Wednesday, September 27, 2017

The New Puppy

I was planning on leaving this topic till last, on my list of projects accomplished, but I keep running into people or getting emails asking me about the pup. So I'll bump this topic to the top of the list : The Puppy

(Plane ride home.) 

Yes, I'm nuts. Getting a puppy is totally insane. But for the past two years I've been considering doing it. At times I've thought "yes", and at other times I thought "no". But I know that time isn't on my side. I'm at a point where I won't be wanting to do the puppy thing much of the problems of growing older. Puppies take lots of time, patience, and training. They completely interfere with one's life.  I always look at a puppy and think about that first year of agony and that second year of difficulty that comes along with puppy ownership. It takes about two years before a puppy becomes a real cooperative family member and the owner fully adapts to the pup. I've done it many times and know what to expect. 

After much mulling it over, we decided to get one more puppy in our lives. (Oh, this surely won't be our last dog added to the family, but future additions will be adults who are in desperate need of a home.) With the decision made, which sort of pup will get look for? Initially I wanted to get one of another breed I was already very familiar with...either a Border Collie, a Shiba Inu, a Siberian Husky. Over time though, we changed our minds. These breeds would be very challenging. Although I kept toying with the idea of one of these, hubby suggested getting a breed that we've never had before. That way we wouldn't fall into the trap of expecting the pup to be just like a dog that we had before. And I agree. Comparing the new pup to past canine friends is destructive behavior often leading to disappointment. So let's look at other breeds that appealed to us. We both liked the labradoodles that we've met, so that became one of the top possibilities. 

(Easiest time to get a photo is when he's sleeping.)

Labradoodles are a mixbreed. One usually never knows exactly what the end product will look and act like with a mixbreed pup. But enough litters of labradoodles have been bred to give a buyer a good idea what to expect from this mix .... almost as good a "sure thing" as with getting a purebred puppy.  And with a lifetime of experience working with puppies, I felt confident that I would be able to evaluate the pup adequately to get what we were looking for.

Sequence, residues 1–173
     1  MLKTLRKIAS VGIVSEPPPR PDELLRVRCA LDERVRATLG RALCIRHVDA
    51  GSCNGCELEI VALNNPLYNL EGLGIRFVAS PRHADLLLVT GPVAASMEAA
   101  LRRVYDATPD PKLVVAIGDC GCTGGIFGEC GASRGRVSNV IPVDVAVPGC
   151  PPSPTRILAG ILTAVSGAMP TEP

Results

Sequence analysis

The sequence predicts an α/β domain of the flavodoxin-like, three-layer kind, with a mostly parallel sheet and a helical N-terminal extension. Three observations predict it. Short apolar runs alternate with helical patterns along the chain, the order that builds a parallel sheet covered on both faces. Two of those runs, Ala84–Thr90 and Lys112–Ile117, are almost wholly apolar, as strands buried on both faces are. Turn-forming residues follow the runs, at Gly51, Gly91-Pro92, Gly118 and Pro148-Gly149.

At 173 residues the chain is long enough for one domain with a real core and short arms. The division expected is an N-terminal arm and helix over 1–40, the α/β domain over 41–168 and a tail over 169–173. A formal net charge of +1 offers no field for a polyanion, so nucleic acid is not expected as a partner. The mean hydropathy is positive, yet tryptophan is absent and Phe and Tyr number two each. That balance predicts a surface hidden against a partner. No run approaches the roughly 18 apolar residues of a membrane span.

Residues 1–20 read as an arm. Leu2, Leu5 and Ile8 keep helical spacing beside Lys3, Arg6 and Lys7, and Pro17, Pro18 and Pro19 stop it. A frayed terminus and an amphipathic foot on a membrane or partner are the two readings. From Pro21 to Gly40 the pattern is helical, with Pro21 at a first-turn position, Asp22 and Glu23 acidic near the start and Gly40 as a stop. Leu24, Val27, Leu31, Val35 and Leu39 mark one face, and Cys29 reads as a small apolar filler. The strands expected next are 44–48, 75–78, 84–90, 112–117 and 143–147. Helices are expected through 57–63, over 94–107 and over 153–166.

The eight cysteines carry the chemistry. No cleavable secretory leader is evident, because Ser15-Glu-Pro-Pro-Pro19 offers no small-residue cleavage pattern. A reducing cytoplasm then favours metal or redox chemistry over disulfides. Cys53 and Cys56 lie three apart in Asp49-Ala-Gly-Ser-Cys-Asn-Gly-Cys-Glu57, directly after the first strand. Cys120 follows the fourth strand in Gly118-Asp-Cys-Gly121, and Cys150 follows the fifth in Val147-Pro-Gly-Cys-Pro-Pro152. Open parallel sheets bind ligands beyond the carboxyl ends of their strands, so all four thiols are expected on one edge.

Labradoodles can mean two different "breeds"......the Australian Labradoodle which is several generations of Labradoodle bred to Labradoodle (with the interjection of other breeds occasionally, especially poodle) parent being a Labrador Retriever and the other a Poodle. It is the second type that appeals to us. While looking for a pup we also came upon three litters of what is referred to as an F2 litter -- where each parent was the product of a Lab and a Poodle. This sort of mating results in a hodgepodge litter of pups with some physically resembling the Lab, some the Poodle, and the rest somewhere in between. And same for goes for personality....a spectrum running from Lab to Poodle, not necessarily correlating to the physical appearance. So the bottom line is that it's a crap shoot with an F2 litter. 

While finding our pup took searching & persistence and a whole lot of luck, we are now the happy owners of a cool pup named F2 puppy! Yes, you read that correctly. We took the chance on an F2 pup, but he showed all the physical traits and personality that we were looking for. Yes, his name is Noodles. It just seems to fit him. 

(Running around following Crusty.) 

Noodles' future is destined to be that of a close family companion, a dog that shares our car rides, our time, our life. He will also be a general farm dog, not specializing in any particular job other than farm overseer. Time will tell us if he has the propensity to be a guard dog, a ratter, a herder. We shall see. 

(Mouth wrestling with his favorite big brother.) 

No comments:

Post a Comment